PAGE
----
In many ways, the 2019-2020 NBA season marks a new chapter for the Boston Celtics.
Thanks to some high-profile free-agent departures and arrivals, coach Brad Stevens will have a noticeably different starting lineup and rotation. They’re past the point of “arriving” as contenders after their 2013-2016 rebuild, but they’re also no longer the young darlings of the Eastern Conference.
With Kyrie Irving and Al Horford out the door—to the division rival Brooklyn Nets and Philadelphia 76ers, no less—and Kemba Walker stepping into primary playmaking duties, the Celts’ playing style will shift slightly.
Young prospects Jaylen Brown and Jayson Tatum could take another step toward their peaks, potentially building off their FIBA World Cup experience—gained with Marcus Smart and Kemba Walker, even if it was a rather “unsuccessful” run by Team USA standards.
And Gordon Hayward will aim to shake free of his post-injury mediocrity.
A year ago, many prognosticators viewed Boston as the top squad in the East and favorites to make the NBA Finals. The forecasts will be a bit more tempered this season, as there are new question marks and variables on both offense and defense.
But last year’s Celtics massively underachieved in the face of such preseason positivity. Could this year’s version do the exact opposite with such a lowered set of expectations? Given the roster changes and the state of the franchise compared to the rest of the league, what exactly is Boston’s ceiling in 2019-20?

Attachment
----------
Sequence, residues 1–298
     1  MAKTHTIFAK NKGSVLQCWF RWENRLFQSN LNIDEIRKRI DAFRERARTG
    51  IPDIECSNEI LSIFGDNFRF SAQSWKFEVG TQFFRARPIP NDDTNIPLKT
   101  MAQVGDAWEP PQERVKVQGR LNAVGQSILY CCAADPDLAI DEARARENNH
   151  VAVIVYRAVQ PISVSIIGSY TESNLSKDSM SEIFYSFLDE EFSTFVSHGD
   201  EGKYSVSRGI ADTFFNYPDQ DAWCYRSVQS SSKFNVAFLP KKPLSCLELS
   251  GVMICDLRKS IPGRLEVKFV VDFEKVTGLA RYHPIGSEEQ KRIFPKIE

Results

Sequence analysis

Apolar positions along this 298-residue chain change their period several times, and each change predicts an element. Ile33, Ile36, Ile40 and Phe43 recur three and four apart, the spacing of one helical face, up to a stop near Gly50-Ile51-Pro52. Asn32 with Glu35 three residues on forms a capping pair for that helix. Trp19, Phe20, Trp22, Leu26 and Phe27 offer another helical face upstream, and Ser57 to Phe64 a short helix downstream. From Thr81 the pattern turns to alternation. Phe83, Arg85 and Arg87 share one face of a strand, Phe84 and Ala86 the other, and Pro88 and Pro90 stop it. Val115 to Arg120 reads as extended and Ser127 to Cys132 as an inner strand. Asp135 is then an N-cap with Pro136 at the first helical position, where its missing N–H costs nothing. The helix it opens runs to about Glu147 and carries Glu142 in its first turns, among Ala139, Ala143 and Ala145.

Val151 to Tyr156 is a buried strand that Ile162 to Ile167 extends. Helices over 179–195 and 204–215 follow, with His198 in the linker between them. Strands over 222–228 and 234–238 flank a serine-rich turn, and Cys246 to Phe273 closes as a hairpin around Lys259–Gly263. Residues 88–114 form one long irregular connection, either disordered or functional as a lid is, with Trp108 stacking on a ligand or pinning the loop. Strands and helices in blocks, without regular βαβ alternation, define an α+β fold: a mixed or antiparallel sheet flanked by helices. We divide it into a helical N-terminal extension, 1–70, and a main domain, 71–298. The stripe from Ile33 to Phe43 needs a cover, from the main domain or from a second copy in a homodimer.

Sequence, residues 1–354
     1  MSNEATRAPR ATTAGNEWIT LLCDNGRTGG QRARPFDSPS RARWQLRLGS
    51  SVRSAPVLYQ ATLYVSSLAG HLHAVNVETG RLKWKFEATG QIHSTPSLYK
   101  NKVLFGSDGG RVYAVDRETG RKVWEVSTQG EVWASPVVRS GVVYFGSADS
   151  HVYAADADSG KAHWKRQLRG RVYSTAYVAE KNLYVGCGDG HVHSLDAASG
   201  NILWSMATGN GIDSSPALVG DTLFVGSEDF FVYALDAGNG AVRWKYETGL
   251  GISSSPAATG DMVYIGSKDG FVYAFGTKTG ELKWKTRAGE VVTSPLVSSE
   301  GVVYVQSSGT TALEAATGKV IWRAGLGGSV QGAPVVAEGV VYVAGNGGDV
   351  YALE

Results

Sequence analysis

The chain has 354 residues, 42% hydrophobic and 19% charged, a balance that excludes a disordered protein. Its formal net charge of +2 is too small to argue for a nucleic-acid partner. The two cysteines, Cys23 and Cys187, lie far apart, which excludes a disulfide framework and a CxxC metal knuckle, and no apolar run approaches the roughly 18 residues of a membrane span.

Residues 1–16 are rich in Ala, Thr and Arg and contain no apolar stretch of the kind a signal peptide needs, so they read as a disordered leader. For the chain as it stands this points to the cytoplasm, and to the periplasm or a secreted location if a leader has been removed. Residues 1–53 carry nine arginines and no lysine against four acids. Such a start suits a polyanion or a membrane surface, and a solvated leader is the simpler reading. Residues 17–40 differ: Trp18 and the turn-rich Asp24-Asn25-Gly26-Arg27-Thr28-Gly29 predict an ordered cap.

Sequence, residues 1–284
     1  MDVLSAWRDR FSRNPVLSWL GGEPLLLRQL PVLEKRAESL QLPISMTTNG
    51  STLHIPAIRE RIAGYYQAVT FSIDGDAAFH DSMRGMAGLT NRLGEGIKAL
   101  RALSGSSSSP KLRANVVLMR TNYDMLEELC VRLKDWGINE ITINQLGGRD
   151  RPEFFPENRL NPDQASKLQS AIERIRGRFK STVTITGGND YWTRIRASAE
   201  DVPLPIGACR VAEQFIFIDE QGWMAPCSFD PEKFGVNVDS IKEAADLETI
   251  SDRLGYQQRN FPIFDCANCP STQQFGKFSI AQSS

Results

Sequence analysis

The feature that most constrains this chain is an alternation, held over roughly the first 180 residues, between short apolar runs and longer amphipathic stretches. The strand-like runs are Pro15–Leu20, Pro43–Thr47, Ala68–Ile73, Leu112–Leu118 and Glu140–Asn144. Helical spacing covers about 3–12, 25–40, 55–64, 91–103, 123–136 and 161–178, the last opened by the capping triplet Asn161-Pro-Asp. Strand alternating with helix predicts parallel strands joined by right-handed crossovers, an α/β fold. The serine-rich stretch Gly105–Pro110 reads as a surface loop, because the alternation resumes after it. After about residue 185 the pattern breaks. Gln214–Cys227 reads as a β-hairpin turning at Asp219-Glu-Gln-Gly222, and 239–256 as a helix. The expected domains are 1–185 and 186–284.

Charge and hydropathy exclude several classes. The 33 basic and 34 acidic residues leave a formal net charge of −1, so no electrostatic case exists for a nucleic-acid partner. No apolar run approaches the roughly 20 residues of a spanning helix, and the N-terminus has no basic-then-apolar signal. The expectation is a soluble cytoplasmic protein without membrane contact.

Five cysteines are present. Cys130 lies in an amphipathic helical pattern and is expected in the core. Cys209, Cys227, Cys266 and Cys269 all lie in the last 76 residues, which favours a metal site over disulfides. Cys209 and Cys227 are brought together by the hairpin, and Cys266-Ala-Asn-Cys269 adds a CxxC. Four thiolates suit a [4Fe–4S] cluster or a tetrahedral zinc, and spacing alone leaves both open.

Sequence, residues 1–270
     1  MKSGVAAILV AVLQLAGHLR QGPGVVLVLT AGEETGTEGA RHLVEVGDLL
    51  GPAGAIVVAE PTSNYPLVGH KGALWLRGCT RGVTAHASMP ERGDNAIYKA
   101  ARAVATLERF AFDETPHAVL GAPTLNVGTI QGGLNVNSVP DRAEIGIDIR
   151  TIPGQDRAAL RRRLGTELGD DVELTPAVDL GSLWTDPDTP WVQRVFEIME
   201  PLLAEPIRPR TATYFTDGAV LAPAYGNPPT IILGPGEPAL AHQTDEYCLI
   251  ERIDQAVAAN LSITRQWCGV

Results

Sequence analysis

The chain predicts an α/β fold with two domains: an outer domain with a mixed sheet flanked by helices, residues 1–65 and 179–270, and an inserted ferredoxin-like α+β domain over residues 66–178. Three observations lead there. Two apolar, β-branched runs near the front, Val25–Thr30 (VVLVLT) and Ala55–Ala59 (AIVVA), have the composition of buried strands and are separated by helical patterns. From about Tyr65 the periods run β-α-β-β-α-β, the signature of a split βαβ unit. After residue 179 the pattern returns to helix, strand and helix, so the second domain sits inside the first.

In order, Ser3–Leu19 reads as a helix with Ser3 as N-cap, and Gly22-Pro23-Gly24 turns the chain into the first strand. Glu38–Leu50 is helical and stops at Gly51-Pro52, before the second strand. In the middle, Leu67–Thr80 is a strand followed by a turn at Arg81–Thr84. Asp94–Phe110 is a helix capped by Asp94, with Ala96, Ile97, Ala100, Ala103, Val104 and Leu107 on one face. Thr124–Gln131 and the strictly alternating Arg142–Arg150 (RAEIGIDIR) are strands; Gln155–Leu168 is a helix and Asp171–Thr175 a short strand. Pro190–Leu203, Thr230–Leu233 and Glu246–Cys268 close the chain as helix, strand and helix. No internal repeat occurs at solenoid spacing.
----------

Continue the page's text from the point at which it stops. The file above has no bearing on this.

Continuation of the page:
The inconsistent 2018-19 Celts managed to finish the regular season with a respectable 112.2 points per 100 possessions, which ranked 10th in the league. Losing Horford, Irving and Terry Rozier will make it tricky for them to maintain that top-10 impact. However, there’s a reasonable path for them to stay in the league’s top tier on that end.
Losing Horford stings the most. His deft passing, off-ball instincts and pick-and-pop prowess enhanced the rest of the players on the court. The now-Sixers signee is a huge reason Boston was seventh in assist points created per game (65.2) and eighth in potential assists (47.6). Even when he wasn’t the direct assister, it was often his initiation of a passing sequence, or even just his screens and movement, that set up others.
It’s exceptionally difficult to replace the impact of such a Swiss Army Knife.
Fortunately, several of the squad’s key returnees could make substantial strides this season. Not only do Jaylen Brown and Jayson Tatum have a chance to have career-best seasons, but all NBA fans hope Hayward’s post-injury ceiling is miles above what we saw last year.
In order for Brown, Tatum and Hayward to have their best and most efficient years yet in Beantown, Stevens must maximize Walker.
The Celtics’ shiniest new prize has reached NBA stardom as a pick-and-roll speedster and stop-and-pop assassin. Stevens hasn’t emphasized pick-and-roll schemes much during his time in Boston—the Celtics have been bottom-third in league pick-and-roll usage each of the past four seasons— but it might behoove him to deploy a healthy dose of it.
Rob Mahoney of Sports Illustrated explained the variety of ways Walker puts defenders in a bind via ball-screens: